If you’ve ever talked to a farmer for more than five minutes, it’s likely the subject of weather has come up. For most folks, “nice day out” is just a filler. For a farmer, weather is everything. I alluded to this the other day when talking about wanting rain for the corn.
At the same time I needed it to stay dry until the hay was baled.
Well, my hay is in thanks to my son,
my other nephew
and the custom baling of Eden Ridge Farms.
They had two tractors and rakes out there working hard to get it ready to be baled.
We got about 200 square bales, and I still have to go count the round bales. We’ll finish making my square bales with the next cutting. It’s already more round bales than I will need for the winter, so they will get sold.
I’m a happy camper, and I might go do a rain dance tonight. With cooperative weather, we’ll get one or two more cuttings. It’s no wonder farmers are always talking about the weather.
Beyond rain for crops to grow and dry weather for hay, I bet the weather impacts farming more than many people know. Our really warm (almost non-existent) winter will impact us all summer. My seed distributor has already sent out information on how much more likely we are to have pests in our corn and beans.
I’ve mentioned in a previous post about the negative impact its had on the fruit industry. With such warm temperatures, the trees all started blossoming early, and we had a normal freeze that destroyed much of the fruit. I’m lucky. I think only my plums were impacted. I know of one winery/vineyard that said they lost nearly 70% of their grape crop.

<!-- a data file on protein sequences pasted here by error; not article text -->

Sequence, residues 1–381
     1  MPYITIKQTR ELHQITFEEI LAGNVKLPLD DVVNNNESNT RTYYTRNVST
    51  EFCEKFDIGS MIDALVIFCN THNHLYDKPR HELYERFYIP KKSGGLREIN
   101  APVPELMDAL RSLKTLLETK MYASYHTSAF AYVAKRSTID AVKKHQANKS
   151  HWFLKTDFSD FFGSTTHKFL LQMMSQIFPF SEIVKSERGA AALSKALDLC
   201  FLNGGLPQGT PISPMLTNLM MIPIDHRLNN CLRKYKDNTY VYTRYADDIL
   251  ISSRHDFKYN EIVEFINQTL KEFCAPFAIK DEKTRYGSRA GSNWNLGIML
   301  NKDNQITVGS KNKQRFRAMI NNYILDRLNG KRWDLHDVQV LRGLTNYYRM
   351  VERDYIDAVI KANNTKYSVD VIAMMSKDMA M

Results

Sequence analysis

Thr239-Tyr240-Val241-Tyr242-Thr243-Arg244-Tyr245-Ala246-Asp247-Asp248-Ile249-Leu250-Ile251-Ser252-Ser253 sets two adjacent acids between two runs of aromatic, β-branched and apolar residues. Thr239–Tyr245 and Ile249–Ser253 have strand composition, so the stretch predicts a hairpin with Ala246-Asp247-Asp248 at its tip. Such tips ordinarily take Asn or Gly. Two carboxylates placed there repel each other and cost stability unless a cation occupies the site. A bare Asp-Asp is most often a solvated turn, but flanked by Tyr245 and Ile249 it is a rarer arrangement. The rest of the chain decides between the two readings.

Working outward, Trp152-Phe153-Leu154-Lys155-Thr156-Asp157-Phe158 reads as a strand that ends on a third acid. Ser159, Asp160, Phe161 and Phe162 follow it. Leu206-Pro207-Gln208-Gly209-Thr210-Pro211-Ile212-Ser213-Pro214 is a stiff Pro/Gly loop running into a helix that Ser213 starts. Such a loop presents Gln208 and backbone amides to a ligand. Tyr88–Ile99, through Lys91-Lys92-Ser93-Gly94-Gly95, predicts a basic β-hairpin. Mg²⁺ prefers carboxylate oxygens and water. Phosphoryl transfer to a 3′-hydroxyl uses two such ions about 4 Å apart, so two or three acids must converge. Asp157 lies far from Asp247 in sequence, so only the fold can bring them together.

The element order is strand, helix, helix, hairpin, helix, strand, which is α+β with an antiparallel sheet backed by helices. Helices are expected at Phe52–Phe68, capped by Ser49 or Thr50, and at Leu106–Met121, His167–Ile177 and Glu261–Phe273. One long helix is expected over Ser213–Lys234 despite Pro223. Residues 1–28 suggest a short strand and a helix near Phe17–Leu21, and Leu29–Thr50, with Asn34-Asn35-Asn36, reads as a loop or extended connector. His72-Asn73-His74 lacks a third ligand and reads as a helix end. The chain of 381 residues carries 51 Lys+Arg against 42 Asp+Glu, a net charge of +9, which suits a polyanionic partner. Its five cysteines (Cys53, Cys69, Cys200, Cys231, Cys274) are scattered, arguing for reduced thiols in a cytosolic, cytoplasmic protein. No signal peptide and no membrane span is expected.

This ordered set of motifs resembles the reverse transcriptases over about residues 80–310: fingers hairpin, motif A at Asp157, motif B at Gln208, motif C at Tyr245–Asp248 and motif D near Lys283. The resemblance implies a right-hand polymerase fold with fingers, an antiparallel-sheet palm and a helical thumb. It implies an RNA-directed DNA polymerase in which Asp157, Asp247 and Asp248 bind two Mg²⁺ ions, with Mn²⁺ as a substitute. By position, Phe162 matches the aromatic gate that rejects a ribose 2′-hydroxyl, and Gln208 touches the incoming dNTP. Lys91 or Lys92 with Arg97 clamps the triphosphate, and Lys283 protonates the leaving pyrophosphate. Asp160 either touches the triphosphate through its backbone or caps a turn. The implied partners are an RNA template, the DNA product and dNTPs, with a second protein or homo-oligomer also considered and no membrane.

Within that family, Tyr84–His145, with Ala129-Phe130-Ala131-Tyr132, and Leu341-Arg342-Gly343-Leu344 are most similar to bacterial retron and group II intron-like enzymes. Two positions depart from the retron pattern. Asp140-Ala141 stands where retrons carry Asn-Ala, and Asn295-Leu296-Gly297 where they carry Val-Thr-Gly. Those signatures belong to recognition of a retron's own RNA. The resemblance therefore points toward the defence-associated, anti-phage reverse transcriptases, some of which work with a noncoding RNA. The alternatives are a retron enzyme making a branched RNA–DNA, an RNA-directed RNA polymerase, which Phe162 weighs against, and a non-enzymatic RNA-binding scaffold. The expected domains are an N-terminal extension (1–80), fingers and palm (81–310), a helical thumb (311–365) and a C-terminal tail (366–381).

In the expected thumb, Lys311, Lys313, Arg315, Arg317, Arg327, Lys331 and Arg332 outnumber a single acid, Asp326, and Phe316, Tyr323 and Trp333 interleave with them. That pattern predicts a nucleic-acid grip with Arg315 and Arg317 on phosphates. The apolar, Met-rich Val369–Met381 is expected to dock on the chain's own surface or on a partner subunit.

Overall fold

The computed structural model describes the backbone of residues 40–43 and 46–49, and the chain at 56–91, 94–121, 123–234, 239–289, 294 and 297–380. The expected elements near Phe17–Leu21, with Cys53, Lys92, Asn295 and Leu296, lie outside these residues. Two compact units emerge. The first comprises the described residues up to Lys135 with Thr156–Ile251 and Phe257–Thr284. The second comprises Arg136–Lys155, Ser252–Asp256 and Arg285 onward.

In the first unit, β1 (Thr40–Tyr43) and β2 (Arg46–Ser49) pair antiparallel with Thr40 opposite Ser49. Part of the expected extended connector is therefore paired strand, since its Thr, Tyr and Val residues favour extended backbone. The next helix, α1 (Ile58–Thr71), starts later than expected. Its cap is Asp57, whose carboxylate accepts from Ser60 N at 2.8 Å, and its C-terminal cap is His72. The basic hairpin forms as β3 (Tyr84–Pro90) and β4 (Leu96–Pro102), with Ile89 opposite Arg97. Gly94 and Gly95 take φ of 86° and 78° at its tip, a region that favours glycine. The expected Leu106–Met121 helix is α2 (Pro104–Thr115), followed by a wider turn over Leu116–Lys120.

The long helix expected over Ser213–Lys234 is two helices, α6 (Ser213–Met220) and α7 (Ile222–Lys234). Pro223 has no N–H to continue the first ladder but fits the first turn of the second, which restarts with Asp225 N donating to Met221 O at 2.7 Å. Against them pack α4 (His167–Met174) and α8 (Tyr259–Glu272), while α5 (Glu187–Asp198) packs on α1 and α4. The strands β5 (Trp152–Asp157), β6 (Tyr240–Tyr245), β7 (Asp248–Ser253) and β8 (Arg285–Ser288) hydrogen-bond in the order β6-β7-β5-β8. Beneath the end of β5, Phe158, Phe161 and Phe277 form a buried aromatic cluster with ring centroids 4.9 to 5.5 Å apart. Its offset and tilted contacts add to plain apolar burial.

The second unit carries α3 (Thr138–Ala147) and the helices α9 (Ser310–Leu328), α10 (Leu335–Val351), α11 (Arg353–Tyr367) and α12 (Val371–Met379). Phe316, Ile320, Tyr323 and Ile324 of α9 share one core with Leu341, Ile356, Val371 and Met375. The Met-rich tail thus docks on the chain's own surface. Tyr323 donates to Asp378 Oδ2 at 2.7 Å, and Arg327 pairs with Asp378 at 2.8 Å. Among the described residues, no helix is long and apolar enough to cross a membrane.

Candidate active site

Finally, the strange weather impacts the animals. We typically have a long stretch of cold weather that kills bacteria and parasites. We didn’t have that this year. I had to start putting flea and tick meds on the cats and dogs in February. I’ve never had to do that before.
I’ve already had a conversation with a vet about the impact on animals. It’s likely to be a bad year for worms and bacteria. We could see a lot more infections and illnesses.
Along with parasites, it can impact the size of babies and the condition of the mother. An easy warm winter can cause a bigger baby. If the mother is overweight or under weight because of weather conditions, it will impact their ability to give birth and care for their baby.
There are many aspects of farming that the weather impacts. Next time you see a farmer and they start talking about the weather, it’s because the weather dictates their life. Look to the sky and what do you see?
Today I saw an angel sent to me by a wonderful friend. Thank you for your blessings and good wishes, Maryann.
Linking to Homestead Barn Hop.